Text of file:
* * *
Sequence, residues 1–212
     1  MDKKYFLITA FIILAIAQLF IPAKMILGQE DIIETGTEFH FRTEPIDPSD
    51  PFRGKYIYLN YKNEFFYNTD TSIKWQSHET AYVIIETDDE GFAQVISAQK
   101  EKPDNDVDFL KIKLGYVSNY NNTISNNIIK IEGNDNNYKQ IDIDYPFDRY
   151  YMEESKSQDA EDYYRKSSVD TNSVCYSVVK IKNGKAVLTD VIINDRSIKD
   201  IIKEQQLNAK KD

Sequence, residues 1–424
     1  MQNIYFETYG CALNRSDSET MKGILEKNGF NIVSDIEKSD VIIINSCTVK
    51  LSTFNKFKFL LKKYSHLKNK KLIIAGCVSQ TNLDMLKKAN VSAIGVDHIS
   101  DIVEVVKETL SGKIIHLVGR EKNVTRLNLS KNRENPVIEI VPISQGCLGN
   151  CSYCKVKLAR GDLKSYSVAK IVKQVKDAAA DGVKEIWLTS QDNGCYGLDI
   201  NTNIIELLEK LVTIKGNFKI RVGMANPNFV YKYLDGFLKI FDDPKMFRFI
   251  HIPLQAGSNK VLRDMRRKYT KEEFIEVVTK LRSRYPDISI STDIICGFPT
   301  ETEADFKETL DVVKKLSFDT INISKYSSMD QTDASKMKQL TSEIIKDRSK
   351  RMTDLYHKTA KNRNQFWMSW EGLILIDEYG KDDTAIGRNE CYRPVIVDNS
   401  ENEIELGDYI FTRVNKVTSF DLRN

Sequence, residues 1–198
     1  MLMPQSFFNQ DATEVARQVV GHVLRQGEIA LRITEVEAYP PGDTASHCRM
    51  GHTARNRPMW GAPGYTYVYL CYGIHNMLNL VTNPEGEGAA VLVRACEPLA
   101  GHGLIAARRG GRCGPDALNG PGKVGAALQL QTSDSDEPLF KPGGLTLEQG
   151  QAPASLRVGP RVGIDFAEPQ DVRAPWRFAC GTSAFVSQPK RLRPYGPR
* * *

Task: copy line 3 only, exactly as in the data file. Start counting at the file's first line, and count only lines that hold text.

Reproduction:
    51  PFRGKYIYLN YKNEFFYNTD TSIKWQSHET AYVIIETDDE GFAQVISAQK